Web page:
How doctors feel: affective issues in patients' safety

Department of Emergency Medicine and Department of Medical Education, Dalhousie University, Halifax, NS, Canada B3H 2Y9.
The Lancet (Impact Factor: 39.21). 11/2008; 372(9645):1205-6. DOI: 10.1016/S0140-6736(08)61500-7
Source: PubMed
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    ABSTRACT: Aims and method To explore experiences of psychiatrists considering medication for patients with personality disorder by analysis of transcribed, semi-structured interviews with consultants. Results Themes show important relational processes in which not prescribing is expected to be experienced as uncaring rejection, and psychiatrists felt helpless and inadequate as doctors when unable to relieve symptoms by prescribing. Discontinuity in doctor-patient relationships compounds these problems. Clinical implications Problems arise from: (a) the psychopathology creating powerful relational effects in consultation; (b) the lack of effective treatments, both actual and secondary to under-resourcing and neglect of non-pharmaceutical interventions; and (c) the professionally constructed role of psychiatrists prioritising healing and cure through provision of technological interventions for specific diagnoses. There is a need for more treatments and services for patients with personality disorder; more support and training for psychiatrists in the relational complexities of prescribing; and a rethink of the trend for psychiatrists to be seen primarily as prescribers.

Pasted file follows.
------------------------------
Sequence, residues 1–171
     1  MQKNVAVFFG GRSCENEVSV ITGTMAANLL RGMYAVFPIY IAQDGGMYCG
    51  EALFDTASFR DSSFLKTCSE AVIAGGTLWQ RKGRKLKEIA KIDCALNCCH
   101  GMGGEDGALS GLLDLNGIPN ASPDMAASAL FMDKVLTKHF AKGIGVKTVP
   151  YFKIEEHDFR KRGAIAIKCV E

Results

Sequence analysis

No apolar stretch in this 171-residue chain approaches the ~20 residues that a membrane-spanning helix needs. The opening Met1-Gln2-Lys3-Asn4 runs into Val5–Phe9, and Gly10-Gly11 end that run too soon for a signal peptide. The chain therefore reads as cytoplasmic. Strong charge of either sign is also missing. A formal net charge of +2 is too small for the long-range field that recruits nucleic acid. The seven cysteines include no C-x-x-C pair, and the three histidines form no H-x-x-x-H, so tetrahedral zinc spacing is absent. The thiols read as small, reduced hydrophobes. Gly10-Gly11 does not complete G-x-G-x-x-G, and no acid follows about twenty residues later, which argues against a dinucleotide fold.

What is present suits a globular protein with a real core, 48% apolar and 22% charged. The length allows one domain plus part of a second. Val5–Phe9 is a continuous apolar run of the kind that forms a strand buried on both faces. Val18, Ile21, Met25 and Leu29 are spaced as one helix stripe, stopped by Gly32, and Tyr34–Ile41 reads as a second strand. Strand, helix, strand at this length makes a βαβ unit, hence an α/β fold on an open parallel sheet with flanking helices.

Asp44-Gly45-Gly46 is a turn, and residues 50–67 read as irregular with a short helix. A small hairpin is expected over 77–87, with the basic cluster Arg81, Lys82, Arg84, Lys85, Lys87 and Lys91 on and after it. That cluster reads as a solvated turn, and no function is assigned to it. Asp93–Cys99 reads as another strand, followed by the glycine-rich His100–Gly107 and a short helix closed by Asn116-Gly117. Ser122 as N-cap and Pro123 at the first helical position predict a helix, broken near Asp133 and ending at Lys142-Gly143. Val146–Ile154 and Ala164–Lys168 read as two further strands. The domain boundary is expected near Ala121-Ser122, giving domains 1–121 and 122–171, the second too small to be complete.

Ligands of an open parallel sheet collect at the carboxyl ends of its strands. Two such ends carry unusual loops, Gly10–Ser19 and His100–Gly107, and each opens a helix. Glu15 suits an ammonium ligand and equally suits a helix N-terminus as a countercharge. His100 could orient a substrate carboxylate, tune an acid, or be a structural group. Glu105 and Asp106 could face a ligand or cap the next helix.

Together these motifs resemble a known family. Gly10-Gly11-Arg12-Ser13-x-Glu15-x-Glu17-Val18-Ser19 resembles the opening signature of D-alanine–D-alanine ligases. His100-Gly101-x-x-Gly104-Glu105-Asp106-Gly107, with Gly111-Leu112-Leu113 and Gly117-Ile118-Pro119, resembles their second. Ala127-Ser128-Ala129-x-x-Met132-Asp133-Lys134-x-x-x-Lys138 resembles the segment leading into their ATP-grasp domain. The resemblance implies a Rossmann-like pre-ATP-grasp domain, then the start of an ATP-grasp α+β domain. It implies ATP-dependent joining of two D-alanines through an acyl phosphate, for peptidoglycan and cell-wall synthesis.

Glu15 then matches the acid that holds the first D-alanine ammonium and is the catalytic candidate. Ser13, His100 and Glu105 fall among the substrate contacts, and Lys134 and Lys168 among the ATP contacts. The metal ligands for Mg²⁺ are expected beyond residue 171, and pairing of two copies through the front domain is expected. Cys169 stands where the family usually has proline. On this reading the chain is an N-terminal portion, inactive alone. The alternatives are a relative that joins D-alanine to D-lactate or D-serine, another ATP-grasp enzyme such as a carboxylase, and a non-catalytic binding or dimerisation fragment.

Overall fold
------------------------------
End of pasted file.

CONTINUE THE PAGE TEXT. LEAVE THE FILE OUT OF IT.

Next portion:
06/2014; 38(3):116-21. DOI:10.1192/pb.bp.113.044081
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    Annals of Emergency Medicine 05/2014; DOI:10.1016/j.annemergmed.2014.05.003 · 4.33 Impact Factor
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    ABSTRACT: Abstract Making an accurate clinical diagnosis is an essential skill for all medical students and doctors, with important implications for patient safety. Current approaches for teaching how to make a clinical diagnosis tend to lack the complexity that faces clinicians in real-life contexts. In this Guide, we propose a new trans-theoretical model for teaching how to make an appropriate clinical diagnosis that can be used by teachers as an additional technique to their current approach. This educational model integrates situativity theory, dual-information processing theory and socio-cognitive theory. Mapping and microanalysis help the teacher to identify the main processes involved in making an accurate clinical diagnosis, so that feedback can be provided that is focused on improving key aspects of the skill. An essential aspect of using the new educational model is the role of the experienced clinical teacher in making judgments about the appropriateness of the learner's attempts to make a clinical diagnosis.
    Medical Teacher 11/2014; 37(3):1-17. DOI:10.3109/0142159X.2014.975195 · 2.05 Impact Factor


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Jun 10, 2014